Like so many other things, I come to the work of Johann Wolfgang von Goethe later in life, having read him over the years only in snippets and dribs and drabs. But maybe that’s about to change.
Then again, maybe it isn’t. What prevented it before, namely my ignorance and preoccupation with little things like trying to survive, might well go on preventing it — not to mention the inordinate amount of time I spend scratching out proof that this struggle of mine is as much poetry as it is accident, and that my presence here is no greater, smaller, or more meaningful than yours.
It’s also comical. I’m quite happy with the mess I’ve made, and I defend it with a certain childish pride.
I can easily point to contemporaries who are more knowledgeable than I am in literary matters, and who can write far more effectively about the nuances of fiction, poetry, and everything in between — even if I do feel on occasion that in their erudite analysis they miss the point. It’s so easy to get carried away with ourselves and what we know that in expressing it we come to believe we’re holding some kind of weapon or advantage. The fact remains that my illiterate forebears knew more about living than I do, and, quite possibly, all of these other folks combined. What matters most, I think, is that we learn to make our own music.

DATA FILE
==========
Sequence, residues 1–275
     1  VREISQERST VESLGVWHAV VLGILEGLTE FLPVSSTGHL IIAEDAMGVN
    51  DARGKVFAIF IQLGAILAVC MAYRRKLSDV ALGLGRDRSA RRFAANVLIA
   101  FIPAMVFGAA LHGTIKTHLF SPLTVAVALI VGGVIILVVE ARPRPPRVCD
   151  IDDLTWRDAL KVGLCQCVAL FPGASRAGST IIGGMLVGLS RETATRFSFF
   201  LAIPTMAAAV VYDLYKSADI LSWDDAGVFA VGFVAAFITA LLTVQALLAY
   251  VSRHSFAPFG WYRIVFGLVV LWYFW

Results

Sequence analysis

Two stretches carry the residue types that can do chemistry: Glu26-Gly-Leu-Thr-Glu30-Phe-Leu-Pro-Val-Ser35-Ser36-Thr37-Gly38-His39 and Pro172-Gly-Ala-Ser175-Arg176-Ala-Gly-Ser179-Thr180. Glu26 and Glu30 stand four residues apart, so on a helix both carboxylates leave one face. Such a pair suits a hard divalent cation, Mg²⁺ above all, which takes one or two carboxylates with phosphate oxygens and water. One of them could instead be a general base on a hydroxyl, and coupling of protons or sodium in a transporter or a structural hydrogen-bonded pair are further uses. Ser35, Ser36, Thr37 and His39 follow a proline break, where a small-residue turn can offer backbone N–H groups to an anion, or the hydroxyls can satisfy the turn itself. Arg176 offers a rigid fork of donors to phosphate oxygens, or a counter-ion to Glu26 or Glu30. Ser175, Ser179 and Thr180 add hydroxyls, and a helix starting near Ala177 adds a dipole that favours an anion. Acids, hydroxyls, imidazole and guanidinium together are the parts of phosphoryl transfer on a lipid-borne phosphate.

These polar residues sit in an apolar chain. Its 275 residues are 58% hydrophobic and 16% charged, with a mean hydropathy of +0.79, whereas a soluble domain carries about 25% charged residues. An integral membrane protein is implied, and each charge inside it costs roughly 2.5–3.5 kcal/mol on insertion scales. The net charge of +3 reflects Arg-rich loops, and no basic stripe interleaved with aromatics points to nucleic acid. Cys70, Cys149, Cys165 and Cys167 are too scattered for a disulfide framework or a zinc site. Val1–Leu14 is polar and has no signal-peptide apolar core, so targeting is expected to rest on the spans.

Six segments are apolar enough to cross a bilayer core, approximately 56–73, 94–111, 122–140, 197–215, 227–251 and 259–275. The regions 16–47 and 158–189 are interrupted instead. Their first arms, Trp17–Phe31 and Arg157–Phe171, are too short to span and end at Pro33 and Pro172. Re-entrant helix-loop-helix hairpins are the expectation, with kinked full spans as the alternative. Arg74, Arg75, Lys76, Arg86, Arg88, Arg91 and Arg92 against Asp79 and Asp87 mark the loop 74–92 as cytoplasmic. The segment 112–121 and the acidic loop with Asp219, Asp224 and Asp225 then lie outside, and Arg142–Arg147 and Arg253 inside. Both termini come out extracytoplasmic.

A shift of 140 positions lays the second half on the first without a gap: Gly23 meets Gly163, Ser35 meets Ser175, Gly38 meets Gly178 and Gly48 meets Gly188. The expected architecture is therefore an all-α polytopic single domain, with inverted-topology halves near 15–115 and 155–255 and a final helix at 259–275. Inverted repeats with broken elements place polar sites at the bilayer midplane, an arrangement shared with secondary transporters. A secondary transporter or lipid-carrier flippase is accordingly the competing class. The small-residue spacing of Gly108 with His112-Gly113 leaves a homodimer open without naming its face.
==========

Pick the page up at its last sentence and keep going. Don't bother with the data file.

I remain devoted to books and the printed word. I am equally devoted to serendipity, contradiction, and spontaneity in the life I lead. I love listening to my contemporaries, and I’m never too proud to absorb what I can of their learning. And when I feel I have something more important to do, I love ignoring them as well. Naturally, what goes around comes around. I accept the consequences — and I love them as well, even as I rail against the night. I love laughing at myself.
Works of Goethe
Bigelow, Brown & Co., Inc.